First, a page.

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Old 06-07-2020, 06:17 PM   #3
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I believe this is the thread you are talking about https://www.irv2.com/forums/f85/make...ic-297500.html
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2017 Jeep Cherokee Overland & 2007 Toyota Yaris TOADs with Even Brake,
Demco Commander tow bar and Blue Ox / Roadmaster base plates
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Old 06-07-2020, 07:18 PM   #4
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Quote:
Originally Posted by Isaac-1 View Post
I believe this is the thread you are talking about https://www.irv2.com/forums/f85/make...ic-297500.html
Yes, thatís the one. I really liked the mod to make powering the harness automatic. Never had to fool with the underhood fuse and it worked flawlessly for as long as I owned the car.
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Old 02-26-2021, 10:42 PM   #5
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Well I finally got around to doing the install, as you might suspect our 2020 travel plans sort of went out the window. So I thought I might give a couple of helpful pointers based on my experience, and the apparent revisions to the kit since the instruction sheet was written.


Issue #1, the included switch with red flip up cover, the instructions say to make sure to install the switch with the slot to the top side of the console, on mine the only way the flip up cover would go on was with the slot to the bottom. It seems to work right like this, so I am guessing they changed switches and the new switch has the slot on the bottom.


Issue #2, Locating the EPS wire on the can block (Yellow wire, and Yellow wire with brown stripe), in the photo it is shown as the 4th from the left position, on our Cherokee it is 4th from the right, may be elsewhere on others, so be aware.


Issue #3, Unscrewing the 3 screws on the PDC module, I read about this so I was warned, these are captive screws, but you have to loosen them a lot more than you think. It will feel like they are free spinning after a few turns, but the PDC will not separate Keep loosening the screws, and they will feel a little resistance, the free spin again, finally at this point they are really free spinning and the top / bottom will separate.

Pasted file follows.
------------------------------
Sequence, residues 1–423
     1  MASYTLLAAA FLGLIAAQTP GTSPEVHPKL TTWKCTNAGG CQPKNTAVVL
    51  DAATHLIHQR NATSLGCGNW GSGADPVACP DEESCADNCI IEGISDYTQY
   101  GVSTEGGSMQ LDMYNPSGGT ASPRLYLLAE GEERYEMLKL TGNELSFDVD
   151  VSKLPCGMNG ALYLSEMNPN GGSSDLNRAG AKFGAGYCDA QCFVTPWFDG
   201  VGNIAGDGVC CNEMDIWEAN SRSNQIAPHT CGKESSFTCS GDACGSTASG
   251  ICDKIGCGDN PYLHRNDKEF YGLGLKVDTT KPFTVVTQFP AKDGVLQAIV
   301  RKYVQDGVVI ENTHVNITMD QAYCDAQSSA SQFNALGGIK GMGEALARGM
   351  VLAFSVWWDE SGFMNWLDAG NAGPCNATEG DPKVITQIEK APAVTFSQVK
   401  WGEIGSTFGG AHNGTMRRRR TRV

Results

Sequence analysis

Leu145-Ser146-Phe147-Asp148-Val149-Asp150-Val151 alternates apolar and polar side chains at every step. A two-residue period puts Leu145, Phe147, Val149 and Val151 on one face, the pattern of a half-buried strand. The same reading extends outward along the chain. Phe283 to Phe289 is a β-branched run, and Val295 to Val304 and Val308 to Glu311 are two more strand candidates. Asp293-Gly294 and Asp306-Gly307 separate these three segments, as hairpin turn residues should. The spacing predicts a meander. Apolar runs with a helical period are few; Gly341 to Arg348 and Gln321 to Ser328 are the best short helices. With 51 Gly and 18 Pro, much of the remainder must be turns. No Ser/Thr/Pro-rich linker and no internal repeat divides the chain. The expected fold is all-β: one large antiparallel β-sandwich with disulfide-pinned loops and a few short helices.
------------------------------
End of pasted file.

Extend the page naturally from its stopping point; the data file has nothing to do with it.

Issue #4, cutting and splicing the wire off the PK/LG Pin #53 C4 connector, they really do not give you much slack, and that tape is impossible to unwrap, I was able to carefully cut it back with small box cutter style snap off blade knife, even then there is not much room to work. I got it spliced, but I am not entirely happy with my solder work on the wire going into the harness. Time will tell if it is good enough.


Issue #5, They include (almost) all the parts needed to do the install in the kit, they even include zip ties, and heat shrink tubing. However they don't include the nut needed to connect the power wire to stud #2 of the PDC fuse array. This might not be a big deal if you have an autoparts store just down the street, but when you live 15 miles from the nearest store that does not sell gas, it can be a bit of an issue. Thankfully after about 30 minutes of searching I found one that would fit.


p.s. bonus issues, you have to ignore instruction #1, disconnect the battery, or at least move it down to when you start working under the hood. As one must move the seats forward and backward a number of times doing the center console removal and replacement dance, which with power seats requires battery power.


Other tips you will need a 8mm socket, a 10mm socket, a small flat blade or hook tip tool to release the catch on the CAN plugs, you will also need a couple of sizes of Torx bits, for the gear shift set screws, and the fender bolt to mount the relay. Also several plastic trim tools are helpful with the console removal.


I also found it much easier to remove the rear panel off the console, and disconnect and remove the wire from the CAN block before reinstalling the center console in the car.
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2002 Safari Trek 2830 on P32 Chassis with 8.1L w/ 400 watts solar 420Ah LiFePo4
2017 Jeep Cherokee Overland & 2007 Toyota Yaris TOADs with Even Brake,
Demco Commander tow bar and Blue Ox / Roadmaster base plates